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Title: Tarator  
Author: World Heritage Encyclopedia
Language: English
Subject: Cacık, Bulgarian cuisine, Turkish cuisine, Tzatziki, Yogurt
Collection: Balkan Cuisine, Cold Soups, Cypriot Cuisine, Ottoman Cuisine, Yogurt-Based Dishes
Publisher: World Heritage Encyclopedia


Bulgarian tarator
Alternative names Ttalattouri
Type Soup
Serving temperature Cold, can be served in a glass
Main ingredients Yogurt or tahini, cucumber, garlic, walnuts, dill, vegetable oil, water
Cookbook: Tarator 

Tarator, tarathor, taratur, or ttalattouri (Bulgarian: таратор, Albanian: Tarator, Turkish: tarator, Macedonian: таратур, Serbian: таратор, Greek: τταλαττούρι (Cyprus)), is a soup, appetizer, or sauce found in the cuisines of the former Ottoman Empire. It generally includes ground walnuts, garlic, and yogurt or tahini, and often cucumber, herbs, and vinegar or lemon juice.

In the Balkans, it is a cold soup (or a liquid salad), popular in the summer. It is made of yogurt, cucumber, garlic, walnut, dill, vegetable oil, and water,[1] and is served chilled or even with ice. Local variations may replace yogurt with water and vinegar, omit nuts or dill, or add bread. The cucumbers may on rare occasions be replaced with lettuce or carrots.

Turkish and Levantine tarator is usually a sauce based on tahini, not yoghurt. It is often served with fish or fried seafood.


  • Etymology 1
  • Regional variations 2
  • See also 3
  • References 4


The word is found in languages from the Balkans to the Levant, and appears to be of Bulgarian origin.[2][3]

Regional variations

In Bulgaria,[4] tarator is a popular meze (appetizer) but also served as a side dish along with Shopska salad with most meals. Sunflower and olive oil are more commonly used and walnut is sometimes omitted. Tarator is seasoned with garlic and dill both of which can be omitted if so desired. Tarator is a popular dish in Bulgaria. A salad version of tarator is known as "Snowwhite salad" (Bulgarian: салата Снежанка- "salata Snezhanka" or "Snejanka" ), also called Dry Tarator. It is made of thick (strained) yogurt, without water. It can be served as an appetizer or as a side to the main meal. It is a common refresher during the summer.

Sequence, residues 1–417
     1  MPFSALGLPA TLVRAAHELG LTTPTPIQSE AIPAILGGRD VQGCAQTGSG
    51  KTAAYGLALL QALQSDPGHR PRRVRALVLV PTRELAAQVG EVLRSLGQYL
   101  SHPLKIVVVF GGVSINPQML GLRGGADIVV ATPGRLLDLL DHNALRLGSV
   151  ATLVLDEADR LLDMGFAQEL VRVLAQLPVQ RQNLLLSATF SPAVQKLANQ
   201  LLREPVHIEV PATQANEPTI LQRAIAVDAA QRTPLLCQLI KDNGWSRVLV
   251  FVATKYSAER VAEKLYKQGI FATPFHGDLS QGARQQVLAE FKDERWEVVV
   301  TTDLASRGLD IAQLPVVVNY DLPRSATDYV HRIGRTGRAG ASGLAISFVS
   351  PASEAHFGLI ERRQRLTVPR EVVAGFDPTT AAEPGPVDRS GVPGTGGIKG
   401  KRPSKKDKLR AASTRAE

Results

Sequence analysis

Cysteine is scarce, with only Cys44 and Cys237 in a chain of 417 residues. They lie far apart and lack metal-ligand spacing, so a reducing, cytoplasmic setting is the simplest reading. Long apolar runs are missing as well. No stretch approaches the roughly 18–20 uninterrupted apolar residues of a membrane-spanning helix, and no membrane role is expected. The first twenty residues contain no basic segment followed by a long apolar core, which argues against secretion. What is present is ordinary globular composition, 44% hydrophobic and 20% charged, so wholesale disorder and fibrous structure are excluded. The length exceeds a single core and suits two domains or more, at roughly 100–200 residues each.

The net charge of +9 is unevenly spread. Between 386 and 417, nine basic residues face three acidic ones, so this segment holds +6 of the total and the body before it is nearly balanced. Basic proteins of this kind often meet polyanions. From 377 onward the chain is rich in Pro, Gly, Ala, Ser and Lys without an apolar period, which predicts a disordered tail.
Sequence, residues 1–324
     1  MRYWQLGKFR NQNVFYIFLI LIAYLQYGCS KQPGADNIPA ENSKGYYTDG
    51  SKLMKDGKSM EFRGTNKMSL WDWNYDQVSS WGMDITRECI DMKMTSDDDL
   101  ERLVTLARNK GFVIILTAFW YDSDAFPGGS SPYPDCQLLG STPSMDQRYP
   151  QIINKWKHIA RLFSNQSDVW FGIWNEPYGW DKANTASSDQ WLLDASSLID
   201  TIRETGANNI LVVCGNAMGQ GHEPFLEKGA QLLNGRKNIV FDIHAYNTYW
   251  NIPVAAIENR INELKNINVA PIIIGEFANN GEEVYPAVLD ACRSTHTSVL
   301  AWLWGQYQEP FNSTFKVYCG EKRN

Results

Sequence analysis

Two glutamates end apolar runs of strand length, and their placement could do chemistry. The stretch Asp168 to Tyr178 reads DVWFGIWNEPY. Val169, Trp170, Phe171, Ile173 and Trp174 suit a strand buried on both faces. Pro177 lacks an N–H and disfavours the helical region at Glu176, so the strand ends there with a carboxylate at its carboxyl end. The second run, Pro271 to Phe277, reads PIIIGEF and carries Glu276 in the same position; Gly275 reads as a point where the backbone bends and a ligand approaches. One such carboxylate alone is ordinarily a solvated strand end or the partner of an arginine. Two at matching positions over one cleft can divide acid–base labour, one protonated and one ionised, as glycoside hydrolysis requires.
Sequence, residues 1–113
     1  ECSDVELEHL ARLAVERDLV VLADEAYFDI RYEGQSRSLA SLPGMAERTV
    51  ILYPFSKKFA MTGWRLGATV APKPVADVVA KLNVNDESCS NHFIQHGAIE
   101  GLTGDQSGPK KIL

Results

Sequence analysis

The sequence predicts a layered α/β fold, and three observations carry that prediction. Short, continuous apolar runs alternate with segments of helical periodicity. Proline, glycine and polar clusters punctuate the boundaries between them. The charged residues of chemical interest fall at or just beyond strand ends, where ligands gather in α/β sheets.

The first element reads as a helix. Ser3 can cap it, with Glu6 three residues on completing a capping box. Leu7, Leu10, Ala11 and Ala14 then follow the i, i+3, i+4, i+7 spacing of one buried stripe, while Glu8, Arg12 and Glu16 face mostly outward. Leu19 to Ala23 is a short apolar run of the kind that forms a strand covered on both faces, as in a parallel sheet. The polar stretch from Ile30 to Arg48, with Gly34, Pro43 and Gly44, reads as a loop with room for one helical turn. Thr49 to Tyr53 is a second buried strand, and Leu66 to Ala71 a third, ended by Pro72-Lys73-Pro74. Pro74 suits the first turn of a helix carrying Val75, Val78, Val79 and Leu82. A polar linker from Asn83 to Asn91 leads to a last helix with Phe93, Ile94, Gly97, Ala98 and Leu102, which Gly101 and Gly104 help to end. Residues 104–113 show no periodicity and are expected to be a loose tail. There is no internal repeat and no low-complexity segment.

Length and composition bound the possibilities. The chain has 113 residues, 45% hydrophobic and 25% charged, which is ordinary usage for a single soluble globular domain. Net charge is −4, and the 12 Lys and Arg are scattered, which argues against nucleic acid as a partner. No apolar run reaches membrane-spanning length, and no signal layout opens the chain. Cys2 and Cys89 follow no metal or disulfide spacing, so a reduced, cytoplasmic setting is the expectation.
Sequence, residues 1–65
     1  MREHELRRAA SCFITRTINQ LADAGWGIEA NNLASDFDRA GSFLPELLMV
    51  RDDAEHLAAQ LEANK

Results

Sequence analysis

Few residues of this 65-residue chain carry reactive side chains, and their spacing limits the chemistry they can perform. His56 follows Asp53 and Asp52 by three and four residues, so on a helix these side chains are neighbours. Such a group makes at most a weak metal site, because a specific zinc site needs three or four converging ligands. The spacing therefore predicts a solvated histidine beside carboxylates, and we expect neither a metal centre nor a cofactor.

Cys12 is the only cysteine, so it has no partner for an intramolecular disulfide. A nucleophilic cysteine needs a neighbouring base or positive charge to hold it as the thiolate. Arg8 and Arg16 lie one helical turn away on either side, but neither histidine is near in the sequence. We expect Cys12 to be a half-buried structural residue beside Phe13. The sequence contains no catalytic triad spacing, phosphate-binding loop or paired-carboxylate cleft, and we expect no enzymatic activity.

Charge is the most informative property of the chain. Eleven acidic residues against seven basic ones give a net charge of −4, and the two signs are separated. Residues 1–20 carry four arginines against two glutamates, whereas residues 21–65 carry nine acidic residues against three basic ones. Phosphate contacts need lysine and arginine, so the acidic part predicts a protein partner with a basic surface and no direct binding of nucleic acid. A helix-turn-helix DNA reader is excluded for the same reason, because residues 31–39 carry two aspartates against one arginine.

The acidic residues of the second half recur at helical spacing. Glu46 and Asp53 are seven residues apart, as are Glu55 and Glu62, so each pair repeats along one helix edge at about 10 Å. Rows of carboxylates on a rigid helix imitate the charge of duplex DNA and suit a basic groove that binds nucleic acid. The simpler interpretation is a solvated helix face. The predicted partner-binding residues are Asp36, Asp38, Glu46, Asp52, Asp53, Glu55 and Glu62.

In Albania, Tarator is a very popular dish in summertime. It is usually served cold and is normally made from yoghurt, garlic, parsley, cucumber, salt and olive oil. Fried squids are usually offered with tarator.

In Greece, a similar dish is known as tzatziki. Tzatziki usually contains olive oil and dill in addition to the ingredients listed above.

A similar dish in Iran is called ab-doogh-khiar which contains salt, basil, leek, mint, black pepper, raisins, and ice. In this style, sometimes dried bread chips are put in the dish just before serving.

Tarator is a popular salad and dip in Serbia; it is also known as "tarator salata". It is made with yogurt, sliced cucumber and diced garlic, and served cold.

In Turkish cuisine, "tarator" is a dip sauce generally eaten with fried fish and squid. The sauce includes white bread crumbs, walnuts, lemon juice or vinegar, salt, pepper, garlic, herbs and yogurt. One Turkish version using the name, tahinli tarator, is a similar dish specifically containing tahin or sesame. In the coastal towns of Turkey, fried squid or mussels are almost always served with tarator sauce.

In Macedonia, tarator or taratur is made with garlic, soured milk, cucumber, sunflower oil and salt. It is garnished with dill and served either room temperature or chilled (sometimes by adding ice blocks).

In Lebanon, طرطور (Tarator or Taratour in Latin letters) is made of Tahini, lemon juice, crushed garlic, salt and water. It is served to (deep) fried vegetables, such as cauliflower, as part of Mezze or as a complete meal. It usually also accompanies Falafel whether it comes on a plate or in a sandwich. Unlike in Lebanese/Arab restaurants and eateries in Europe where sometimes yoghurt is added it usually is vegan.

See also


  1. ^ Tarator recipe
  2. ^ Andriotis et al., Αριστοτέλειο Πανεπιστήμιο Θεσσαλονίκης, Λεξικό της κοινής Νεοελληνικής s.v. ταρατόρι
  3. ^ E. Saussey, Les mots turcs dans le dialect arabe de Damas, Mélanges de l'Institut français de Damas 1 (1929), p. 84, 127
  4. ^ pers comm, Емил Атанасов и Нина Шарова
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